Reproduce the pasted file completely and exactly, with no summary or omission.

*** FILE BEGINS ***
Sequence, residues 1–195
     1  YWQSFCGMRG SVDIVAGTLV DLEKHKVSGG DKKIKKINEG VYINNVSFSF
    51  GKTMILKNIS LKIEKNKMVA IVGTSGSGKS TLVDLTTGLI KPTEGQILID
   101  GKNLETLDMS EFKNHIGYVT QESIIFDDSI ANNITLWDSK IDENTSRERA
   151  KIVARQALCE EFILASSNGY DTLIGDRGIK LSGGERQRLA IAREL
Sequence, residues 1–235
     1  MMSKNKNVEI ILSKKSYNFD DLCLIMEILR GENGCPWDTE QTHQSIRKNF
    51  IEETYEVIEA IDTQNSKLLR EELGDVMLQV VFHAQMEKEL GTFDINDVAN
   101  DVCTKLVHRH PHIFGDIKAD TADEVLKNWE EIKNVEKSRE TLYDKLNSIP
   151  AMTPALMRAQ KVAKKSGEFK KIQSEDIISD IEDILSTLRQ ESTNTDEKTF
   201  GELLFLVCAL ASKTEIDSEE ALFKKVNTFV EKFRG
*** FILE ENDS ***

Sequence, residues 1–195
     1  YWQSFCGMRG SVDIVAGTLV DLEKHKVSGG DKKIKKINEG VYINNVSFSF
    51  GKTMILKNIS LKIEKNKMVA IVGTSGSGKS TLVDLTTGLI KPTEGQILID
   101  GKNLETLDMS EFKNHIGYVT QESIIFDDSI ANNITLWDSK IDENTSRERA
   151  KIVARQALCE EFILASSNGY DTLIGDRGIK LSGGERQRLA IAREL
Sequence, residues 1–235
     1  MMSKNKNVEI ILSKKSYNFD DLCLIMEILR GENGCPWDTE QTHQSIRKNF
    51  IEETYEVIEA IDTQNSKLLR EELGDVMLQV VFHAQMEKEL GTFDINDVAN
   101  DVCTKLVHRH PHIFGDIKAD TADEVLKNWE EIKNVEKSRE TLYDKLNSIP
   151  AMTPALMRAQ KVAKKSGEFK KIQSEDIISD IEDILSTLRQ ESTNTDEKTF
   201  GELLFLVCAL ASKTEIDSEE ALFKKVNTFV EKFRG